At the beginning of a relationship, each moment is imprinted. Even though my memory is terrible, I remember specific comments he made, phrases he used, the surprising ease of our conversations, his goofy anecdotes. Our first meeting, our first kiss, the first time we held hands, walking in the Seattle sunshine, reciting poems with strangers who told us that we were a picture of love and how it was awkward because we hadn’t used the word yet, but it wasn’t awkward because the Word was there. We shared our stories and hopes, eager to be known, reinspiring our own selves with our dreams and poetry and artists.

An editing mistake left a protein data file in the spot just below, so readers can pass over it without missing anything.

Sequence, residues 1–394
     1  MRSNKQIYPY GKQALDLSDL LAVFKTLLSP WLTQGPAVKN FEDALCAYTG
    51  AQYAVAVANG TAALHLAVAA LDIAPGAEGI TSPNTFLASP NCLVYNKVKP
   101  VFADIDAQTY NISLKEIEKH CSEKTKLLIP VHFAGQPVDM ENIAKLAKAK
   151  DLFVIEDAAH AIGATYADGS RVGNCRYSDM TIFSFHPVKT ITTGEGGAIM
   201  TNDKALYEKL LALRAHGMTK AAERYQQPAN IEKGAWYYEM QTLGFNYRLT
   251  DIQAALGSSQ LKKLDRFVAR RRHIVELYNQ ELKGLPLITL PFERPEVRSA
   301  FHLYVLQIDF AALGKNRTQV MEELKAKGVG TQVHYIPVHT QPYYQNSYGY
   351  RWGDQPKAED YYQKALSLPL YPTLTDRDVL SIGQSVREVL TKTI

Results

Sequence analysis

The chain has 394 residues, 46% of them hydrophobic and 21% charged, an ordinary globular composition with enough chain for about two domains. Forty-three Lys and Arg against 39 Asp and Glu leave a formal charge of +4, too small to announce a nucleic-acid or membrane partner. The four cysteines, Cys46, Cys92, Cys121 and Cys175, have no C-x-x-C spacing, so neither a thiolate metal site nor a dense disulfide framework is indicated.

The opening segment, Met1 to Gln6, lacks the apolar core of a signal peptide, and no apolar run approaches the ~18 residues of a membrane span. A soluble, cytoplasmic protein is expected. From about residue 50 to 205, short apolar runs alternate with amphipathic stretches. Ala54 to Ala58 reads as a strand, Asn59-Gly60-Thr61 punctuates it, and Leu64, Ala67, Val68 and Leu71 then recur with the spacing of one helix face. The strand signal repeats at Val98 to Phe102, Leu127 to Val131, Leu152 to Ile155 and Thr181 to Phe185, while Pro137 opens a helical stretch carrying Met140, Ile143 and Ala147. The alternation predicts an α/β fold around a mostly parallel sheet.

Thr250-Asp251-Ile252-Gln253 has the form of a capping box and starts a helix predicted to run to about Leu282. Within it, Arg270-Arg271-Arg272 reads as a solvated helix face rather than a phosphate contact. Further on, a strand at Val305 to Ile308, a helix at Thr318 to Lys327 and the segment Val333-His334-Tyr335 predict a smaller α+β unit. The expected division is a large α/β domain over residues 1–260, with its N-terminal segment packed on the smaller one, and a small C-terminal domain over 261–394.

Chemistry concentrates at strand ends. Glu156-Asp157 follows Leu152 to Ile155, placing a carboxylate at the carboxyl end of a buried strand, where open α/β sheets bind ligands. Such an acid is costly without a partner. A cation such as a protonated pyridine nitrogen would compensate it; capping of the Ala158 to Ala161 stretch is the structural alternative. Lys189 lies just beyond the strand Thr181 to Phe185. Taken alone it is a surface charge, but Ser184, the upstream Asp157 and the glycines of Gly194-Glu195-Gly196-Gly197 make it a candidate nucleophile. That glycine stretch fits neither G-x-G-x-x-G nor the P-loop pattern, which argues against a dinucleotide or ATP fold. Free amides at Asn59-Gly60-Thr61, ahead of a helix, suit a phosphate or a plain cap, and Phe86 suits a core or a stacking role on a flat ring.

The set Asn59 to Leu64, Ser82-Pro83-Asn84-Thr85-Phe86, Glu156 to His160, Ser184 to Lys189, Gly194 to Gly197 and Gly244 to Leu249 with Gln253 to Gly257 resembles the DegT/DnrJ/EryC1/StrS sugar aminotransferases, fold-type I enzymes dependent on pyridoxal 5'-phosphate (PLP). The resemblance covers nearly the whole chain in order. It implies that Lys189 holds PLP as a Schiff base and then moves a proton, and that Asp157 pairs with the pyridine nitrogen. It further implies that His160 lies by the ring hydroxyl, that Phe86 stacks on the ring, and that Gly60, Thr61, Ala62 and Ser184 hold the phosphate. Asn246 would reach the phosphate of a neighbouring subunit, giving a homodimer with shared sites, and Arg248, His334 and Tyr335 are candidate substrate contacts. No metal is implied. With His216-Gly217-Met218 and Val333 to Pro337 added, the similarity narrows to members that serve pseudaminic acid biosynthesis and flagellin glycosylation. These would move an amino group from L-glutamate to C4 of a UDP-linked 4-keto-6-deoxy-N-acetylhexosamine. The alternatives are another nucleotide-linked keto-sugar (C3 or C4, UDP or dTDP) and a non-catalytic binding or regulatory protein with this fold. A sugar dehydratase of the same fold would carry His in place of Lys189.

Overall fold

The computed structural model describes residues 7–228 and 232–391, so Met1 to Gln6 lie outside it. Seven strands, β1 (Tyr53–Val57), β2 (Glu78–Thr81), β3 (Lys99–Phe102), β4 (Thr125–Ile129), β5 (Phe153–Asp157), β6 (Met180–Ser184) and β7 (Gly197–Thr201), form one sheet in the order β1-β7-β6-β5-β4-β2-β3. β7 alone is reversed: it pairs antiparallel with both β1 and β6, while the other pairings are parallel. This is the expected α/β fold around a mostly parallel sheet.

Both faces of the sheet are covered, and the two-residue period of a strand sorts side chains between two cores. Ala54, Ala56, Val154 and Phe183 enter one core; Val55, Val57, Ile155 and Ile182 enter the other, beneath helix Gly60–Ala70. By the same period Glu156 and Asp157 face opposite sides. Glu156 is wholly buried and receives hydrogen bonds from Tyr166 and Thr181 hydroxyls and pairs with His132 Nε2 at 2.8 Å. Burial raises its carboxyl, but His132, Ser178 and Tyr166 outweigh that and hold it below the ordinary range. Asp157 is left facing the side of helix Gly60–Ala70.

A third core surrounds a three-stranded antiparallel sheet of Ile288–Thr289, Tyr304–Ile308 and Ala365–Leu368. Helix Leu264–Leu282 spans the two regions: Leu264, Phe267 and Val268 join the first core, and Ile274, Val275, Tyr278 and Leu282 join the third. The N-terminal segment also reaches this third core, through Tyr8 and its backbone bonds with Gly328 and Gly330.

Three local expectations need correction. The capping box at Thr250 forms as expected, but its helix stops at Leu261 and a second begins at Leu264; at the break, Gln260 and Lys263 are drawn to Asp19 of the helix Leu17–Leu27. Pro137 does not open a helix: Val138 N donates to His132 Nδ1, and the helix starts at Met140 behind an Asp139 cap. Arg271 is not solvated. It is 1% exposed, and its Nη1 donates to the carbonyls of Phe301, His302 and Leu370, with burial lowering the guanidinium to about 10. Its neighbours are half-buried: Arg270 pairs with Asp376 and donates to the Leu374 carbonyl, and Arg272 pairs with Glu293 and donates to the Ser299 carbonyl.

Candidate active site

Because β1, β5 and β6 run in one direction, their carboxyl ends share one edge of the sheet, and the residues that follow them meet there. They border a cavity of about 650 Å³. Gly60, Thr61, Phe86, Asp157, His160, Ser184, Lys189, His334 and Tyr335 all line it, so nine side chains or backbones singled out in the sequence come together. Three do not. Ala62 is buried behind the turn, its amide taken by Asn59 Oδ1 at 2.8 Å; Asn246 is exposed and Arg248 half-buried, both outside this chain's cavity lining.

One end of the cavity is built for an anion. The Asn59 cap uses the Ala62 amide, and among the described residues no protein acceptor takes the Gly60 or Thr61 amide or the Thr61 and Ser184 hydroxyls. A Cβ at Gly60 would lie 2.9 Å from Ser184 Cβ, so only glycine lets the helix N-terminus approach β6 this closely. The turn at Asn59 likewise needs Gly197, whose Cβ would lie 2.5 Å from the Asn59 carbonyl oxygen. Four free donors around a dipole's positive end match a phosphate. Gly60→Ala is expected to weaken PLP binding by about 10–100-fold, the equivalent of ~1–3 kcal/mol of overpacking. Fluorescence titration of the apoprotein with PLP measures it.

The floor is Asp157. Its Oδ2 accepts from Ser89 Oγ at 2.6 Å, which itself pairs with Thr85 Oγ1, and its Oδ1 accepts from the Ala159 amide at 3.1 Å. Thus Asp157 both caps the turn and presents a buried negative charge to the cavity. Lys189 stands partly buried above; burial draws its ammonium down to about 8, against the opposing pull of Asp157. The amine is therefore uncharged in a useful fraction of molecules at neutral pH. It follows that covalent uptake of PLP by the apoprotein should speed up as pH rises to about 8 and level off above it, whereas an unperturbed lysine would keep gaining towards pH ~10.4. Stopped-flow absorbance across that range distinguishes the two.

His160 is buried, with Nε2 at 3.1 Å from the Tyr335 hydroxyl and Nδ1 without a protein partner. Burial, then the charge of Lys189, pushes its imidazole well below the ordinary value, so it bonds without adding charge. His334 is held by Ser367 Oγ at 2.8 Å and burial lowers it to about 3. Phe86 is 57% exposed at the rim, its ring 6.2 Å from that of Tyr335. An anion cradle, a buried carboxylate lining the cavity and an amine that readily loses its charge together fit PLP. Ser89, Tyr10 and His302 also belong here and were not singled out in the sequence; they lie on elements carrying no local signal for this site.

Barring tragedy, we will be spending the majority of the next 50 or so years together. And each moment will not be imprinted. They will slide by like someone rushing through a picture powerpoint they think might bore you. My bad memory will once again prevail and the inside jokes will slip in and out of my grasp. But instead of individual memories, I will have a cohesive sense of lives joined, a sense of trust in the person I have spent my years with. The toenail polish from our wedding day will be distant past. But I will still paint them red because that’s his favorite.
The Cloths of Heaven
Had I the heaven’s embroidered cloths,
Enwrought with golden and silver light,
The blue and the dim and the dark cloths
Of night and light and the half-light;
I would spread the cloths under your feet:
But I, being poor, have only my dreams;
I have spread my dreams under your feet;
Tread softly because you tread on my dreams.
- WB Yeats